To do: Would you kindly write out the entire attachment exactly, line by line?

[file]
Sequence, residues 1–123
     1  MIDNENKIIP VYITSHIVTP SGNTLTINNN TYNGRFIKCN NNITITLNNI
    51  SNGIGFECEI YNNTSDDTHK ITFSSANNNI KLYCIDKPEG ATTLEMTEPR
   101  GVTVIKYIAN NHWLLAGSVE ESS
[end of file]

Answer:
Sequence, residues 1–123
     1  MIDNENKIIP VYITSHIVTP SGNTLTINNN TYNGRFIKCN NNITITLNNI
    51  SNGIGFECEI YNNTSDDTHK ITFSSANNNI KLYCIDKPEG ATTLEMTEPR
   101  GVTVIKYIAN NHWLLAGSVE ESS